By Max Grieve
In Bilbao, Real Madrid won the title for the first time in four years, whilst at the Camp Nou Lionel Messi equalled, then surpassed, the record for the most goals scored in a European season. The Spanish newspapers would have you believe that only one or the other of these happened, of course.
“El Mejor!” Marca’s front page screams the following morning – “The Best”. Mourinho is thrown into the air, one finger raised, and images of a euphoric Ronaldo are splashed below the headlines. In Barcelona, El Mundo Deportivo pays tribute to “Torpedo Messi”, and the little Argentine is seen lifting the ball over Carlos Kameni to score his third – Barcelona’s fourth – to scratch Gerd Müller’s name from the 39-year-old record.
Below the singing Xabi Alonso, below the elated Iker Casillas, below the hoards dancing in the Plaza de Cibeles, a box the same size as the neighbouring advertisement for the new Subaru XV acknowledges that Barcelona have played. Even then, the image accompanying the scoreline is one of a rueful Guardiola. In the smallest type imaginable for the front page of a national newspaper, Marca make a note of Messi’s historic hattrick.
Not that the Catalan media is any better. “El Madrid gana la Liga” states El Mundo Deportivo in a thin banner – “Madrid win the league”. There is little else; you’d have to go much deeper into its pages until you’d reach the same pictures that Marca so proudly display beneath its headline. This is the way of the Spanish football media. So often placing their allegiance to a club before balanced journalism; just as Barcelona and Madrid battle for supremacy on the field, the newspapers take it upon themselves to continue the brawl between the weekend round of fixtures.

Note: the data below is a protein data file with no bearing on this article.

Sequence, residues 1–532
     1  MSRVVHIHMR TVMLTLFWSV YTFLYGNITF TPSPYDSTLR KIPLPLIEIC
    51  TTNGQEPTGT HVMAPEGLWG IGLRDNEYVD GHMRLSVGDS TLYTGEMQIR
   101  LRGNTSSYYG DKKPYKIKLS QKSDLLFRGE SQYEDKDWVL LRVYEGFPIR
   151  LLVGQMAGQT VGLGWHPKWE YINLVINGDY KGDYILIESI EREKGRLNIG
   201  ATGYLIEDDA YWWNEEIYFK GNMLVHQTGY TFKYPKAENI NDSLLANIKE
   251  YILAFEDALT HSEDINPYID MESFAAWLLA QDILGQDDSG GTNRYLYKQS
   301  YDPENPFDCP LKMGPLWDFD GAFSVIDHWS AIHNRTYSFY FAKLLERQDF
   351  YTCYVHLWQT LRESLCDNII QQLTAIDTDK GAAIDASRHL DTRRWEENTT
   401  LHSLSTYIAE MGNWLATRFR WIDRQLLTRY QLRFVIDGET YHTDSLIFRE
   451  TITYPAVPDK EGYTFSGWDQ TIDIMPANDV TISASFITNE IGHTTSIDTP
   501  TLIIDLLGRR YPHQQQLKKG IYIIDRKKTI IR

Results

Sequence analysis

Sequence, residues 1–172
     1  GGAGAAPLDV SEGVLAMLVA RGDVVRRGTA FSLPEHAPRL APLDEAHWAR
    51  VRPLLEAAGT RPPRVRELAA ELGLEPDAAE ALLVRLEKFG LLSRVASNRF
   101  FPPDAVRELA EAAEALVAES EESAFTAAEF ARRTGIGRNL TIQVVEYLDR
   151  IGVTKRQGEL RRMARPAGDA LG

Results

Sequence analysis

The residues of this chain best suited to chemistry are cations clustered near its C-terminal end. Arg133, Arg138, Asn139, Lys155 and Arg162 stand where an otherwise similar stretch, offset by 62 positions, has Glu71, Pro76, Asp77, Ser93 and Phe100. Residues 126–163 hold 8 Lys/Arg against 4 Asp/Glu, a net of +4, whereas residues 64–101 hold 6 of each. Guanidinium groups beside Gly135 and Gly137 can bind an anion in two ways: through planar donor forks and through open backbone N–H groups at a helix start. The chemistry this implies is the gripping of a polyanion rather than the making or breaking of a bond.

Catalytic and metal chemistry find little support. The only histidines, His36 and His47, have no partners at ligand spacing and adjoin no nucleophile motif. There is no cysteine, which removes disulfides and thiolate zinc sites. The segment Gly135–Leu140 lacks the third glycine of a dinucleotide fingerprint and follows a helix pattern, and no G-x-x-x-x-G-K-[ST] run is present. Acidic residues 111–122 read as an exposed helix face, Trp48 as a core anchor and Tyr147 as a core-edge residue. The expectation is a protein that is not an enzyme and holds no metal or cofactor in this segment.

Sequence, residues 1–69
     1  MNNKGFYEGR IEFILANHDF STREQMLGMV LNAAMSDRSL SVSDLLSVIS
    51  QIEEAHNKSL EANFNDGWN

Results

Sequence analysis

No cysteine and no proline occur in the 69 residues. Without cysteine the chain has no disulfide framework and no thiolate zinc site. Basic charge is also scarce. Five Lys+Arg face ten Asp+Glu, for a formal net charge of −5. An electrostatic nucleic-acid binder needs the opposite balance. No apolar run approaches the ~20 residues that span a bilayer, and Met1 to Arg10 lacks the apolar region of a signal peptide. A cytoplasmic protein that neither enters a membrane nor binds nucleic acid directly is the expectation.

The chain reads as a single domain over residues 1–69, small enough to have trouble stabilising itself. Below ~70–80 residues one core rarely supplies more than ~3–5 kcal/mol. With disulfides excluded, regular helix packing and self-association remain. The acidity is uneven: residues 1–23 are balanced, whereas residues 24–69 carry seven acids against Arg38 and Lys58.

There are four main daily sports newspapers in Spain. “Newspaper” is perhaps a generous term – they are, in a relative sense, propaganda machines. In Catalonia, El Mundo Deportivo and Sport are unashamedly pro-Barcelona. Marca and AS are blatantly pro-Madrid. Indeed, each is so steeped in open support for their respective clubs that they have come to see themselves as an extension, and even an integral component, of either side. Writes Sid Lowe, “One editor claims that every Madrid win is an extra 10,000 in sales; one editor of a Catalan radio station, pandering to the most fanatical Barcelona agenda, publicly applauds the recent decision to cheer Madrid’s opponents as an “ingenious” way of getting closer to the supporters. Never mind getting closer to the truth.”
It is a blind devotion that pays little attention to journalistic integrity, though this was lost long ago. All run campaigns against players, referees, teams and even the governing body of Spanish football as they see fit: when Barcelona reached the Champions League final ahead of Madrid in 2011, during that intoxicating period which saw four Clásicos played out over sixteen days, the media in the capital turned on UEFA, and even went so far as to edit images of Pepe’s red card challenge on Dani Alves, clearing a space between the Portuguese’s studs and the Brazilian’s leg to emphasise the injustice.